Four Ways To Build Confidence In Entrepreneurs Right From A Young Age Coming back from a tough experience will fortify our children, and give them the confidence that they can face the next challenge- and still come out on top.
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A major factor in entrepreneurship is confidence. From the moment an entrepreneur decides to start a business, they will need to be confident enough in their idea to take that first step. Confidence is a determining factor in an entrepreneur's ability to successfully close deals, properly negotiate, and effectively lead their team. They will also need to be confident enough in their ability to handle all the overwhelming challenges of running a business.
Entrepreneurship takes courage, and courage requires a solid foundation of confidence. Just like any skill, confidence needs to be nurtured at an early age. It needs to be developed over years, so it can be tapped into, especially in difficult times when it is needed the most. If you are saying to yourself, "I wish I had the confidence to follow through with this business idea," or "I wish I argued my point better, I knew I was right," then you know how important it is to be confident. Thankfully, you can pass this trait to your child, and, in the process, learn from it as well. Here's how you can build up confidence:
1. POSITIVE FEEDBACK AND FACING REALITY
Positive feedback and reinforcement can work wonders for a child's sense of confidence. If your child excels at a particular task, they look to you for affirmation, and you should validate their achievements accordingly. On the other hand, your child may also fail something, even though they tried really hard. At this point, you should recognize their effort, but instead of offering praise, let them know that failure is common, and they may not succeed at everything. The important thing is to build a sense of resilience to these failures so that they can have the confidence to either try again or choose another path without losing morale. Every entrepreneur needs to understand this concept at an early age: there will be good times, and there will be bad times; in either case, you will need to find a healthy way to cope with both in order to succeed.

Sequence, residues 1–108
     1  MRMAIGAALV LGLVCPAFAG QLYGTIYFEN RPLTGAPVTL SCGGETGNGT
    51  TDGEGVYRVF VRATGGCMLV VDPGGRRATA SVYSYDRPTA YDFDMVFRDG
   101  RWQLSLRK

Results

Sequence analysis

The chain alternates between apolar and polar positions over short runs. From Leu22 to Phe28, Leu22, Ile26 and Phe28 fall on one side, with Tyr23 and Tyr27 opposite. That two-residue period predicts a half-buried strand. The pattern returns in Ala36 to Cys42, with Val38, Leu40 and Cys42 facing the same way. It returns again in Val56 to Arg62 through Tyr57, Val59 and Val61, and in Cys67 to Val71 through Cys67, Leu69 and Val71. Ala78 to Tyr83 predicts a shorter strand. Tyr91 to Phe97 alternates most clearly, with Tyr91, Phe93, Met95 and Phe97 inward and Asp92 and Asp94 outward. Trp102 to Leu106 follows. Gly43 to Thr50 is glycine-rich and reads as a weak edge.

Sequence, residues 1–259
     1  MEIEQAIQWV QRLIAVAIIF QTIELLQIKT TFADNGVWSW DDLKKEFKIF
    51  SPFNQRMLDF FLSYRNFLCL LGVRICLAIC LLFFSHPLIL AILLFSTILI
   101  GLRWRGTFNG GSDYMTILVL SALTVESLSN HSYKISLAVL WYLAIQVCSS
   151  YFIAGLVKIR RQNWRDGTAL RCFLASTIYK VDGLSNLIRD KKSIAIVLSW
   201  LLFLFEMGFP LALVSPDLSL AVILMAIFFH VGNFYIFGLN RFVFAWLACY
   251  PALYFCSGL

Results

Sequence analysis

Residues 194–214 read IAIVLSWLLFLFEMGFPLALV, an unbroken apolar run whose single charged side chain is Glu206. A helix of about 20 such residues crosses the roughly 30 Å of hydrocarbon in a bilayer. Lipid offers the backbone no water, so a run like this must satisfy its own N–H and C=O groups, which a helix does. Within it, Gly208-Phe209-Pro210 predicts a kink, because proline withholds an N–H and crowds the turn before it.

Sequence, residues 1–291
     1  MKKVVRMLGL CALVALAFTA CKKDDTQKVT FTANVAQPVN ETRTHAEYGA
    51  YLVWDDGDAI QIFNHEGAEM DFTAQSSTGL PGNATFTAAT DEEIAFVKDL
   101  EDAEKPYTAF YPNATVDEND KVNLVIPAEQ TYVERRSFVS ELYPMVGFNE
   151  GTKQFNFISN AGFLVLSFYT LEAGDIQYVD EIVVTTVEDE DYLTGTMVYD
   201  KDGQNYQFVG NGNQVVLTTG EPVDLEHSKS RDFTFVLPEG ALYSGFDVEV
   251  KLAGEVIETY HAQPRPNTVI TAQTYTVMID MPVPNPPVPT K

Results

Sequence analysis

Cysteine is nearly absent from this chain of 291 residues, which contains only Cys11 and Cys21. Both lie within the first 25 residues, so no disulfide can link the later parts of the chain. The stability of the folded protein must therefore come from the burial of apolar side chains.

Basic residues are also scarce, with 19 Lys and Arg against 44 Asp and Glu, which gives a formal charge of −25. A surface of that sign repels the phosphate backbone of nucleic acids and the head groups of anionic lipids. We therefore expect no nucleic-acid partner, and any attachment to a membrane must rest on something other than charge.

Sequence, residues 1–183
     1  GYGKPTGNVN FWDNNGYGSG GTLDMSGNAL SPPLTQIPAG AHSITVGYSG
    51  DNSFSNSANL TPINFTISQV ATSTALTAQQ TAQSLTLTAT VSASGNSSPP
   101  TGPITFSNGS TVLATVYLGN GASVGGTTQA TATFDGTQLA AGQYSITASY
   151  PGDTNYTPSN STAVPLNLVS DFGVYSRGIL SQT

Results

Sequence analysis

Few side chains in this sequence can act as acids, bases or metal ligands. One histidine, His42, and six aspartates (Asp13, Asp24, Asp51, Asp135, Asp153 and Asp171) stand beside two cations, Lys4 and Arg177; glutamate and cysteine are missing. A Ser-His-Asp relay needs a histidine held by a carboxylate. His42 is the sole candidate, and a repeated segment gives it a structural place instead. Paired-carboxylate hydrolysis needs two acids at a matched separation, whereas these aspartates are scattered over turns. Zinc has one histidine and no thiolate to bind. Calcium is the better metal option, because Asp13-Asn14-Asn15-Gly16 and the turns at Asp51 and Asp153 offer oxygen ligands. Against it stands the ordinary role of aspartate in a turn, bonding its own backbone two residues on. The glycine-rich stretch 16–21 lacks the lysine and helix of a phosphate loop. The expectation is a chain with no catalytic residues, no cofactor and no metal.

2. CURIOSITY AND INDEPENDENCE
Encouraging curiosity and exploration can build a child's confidence by putting them in fresh situations, and receiving new information where they need to quickly adapt. Taking trips to new places, museums, or science experiments can help nurture new interests that your child can pursue, giving them the motivation to continue learning and seek out new experiences. While exploring and flexing their curious muscles, children should have the space to experiment on their own without fear of failure. This will help them to develop the independent mindset that will further reinforce confidence. This curious drive is the foundation of innovation. Future entrepreneurs will have to constantly ask questions, and figure out new ways of doing things to succeed in their industry.
3. EMPATHY AND HEALTHY RELATIONSHIPS
The best leaders are not the toughest ones, but instead the most empathetic; they have the emotional intelligence to understand what each individual in their team is experiencing, and know how to get the most out of them. They practice empathy on a regular basis to ensure things go smoothly with their team and with their customers. Children need to start learning early how to maintain strong relationships with their friends, which will feed into their confidence. Having friends that they listen to, understand, and support will enable them to be good at making new friends and dealing with people throughout life. When they grow up, this will help them lead teams, network with peers, and deal with the many people it takes to make a business succeed.
4. CONVICTION AND DEBATE
You should encourage healthy debates at home, and start negotiating with your children on certain points to get them in the habit of defending their side of an argument. You should also give them the room to win some debates (within reason of course), so they can be proud of their negotiating skills and build up their confidence for the next round. If they believe strongly and rightly enough in their idea, they need to see it through, as this skill will serve them greatly throughout their lives. Whether it is negotiating a contract, or convincing a client of a new plan, it will take confidence to get the point across.
A word of caution here: confidence needs to be planted in self-awareness and a healthy respect for failure. Being overly-confident and without warrant can be detrimental to any entrepreneur, as their ego will get the better of their judgement. That's why it is important to nurture confidence based on experience and combined with a respect for failure. We need to let our children know that when they fail, they need to get back up and keep moving forward. This in itself creates the strongest confidence and teaches valuable lessons along the way. Coming back from a tough experience will fortify our children, and give them the confidence that they can face the next challenge- and still come out on top.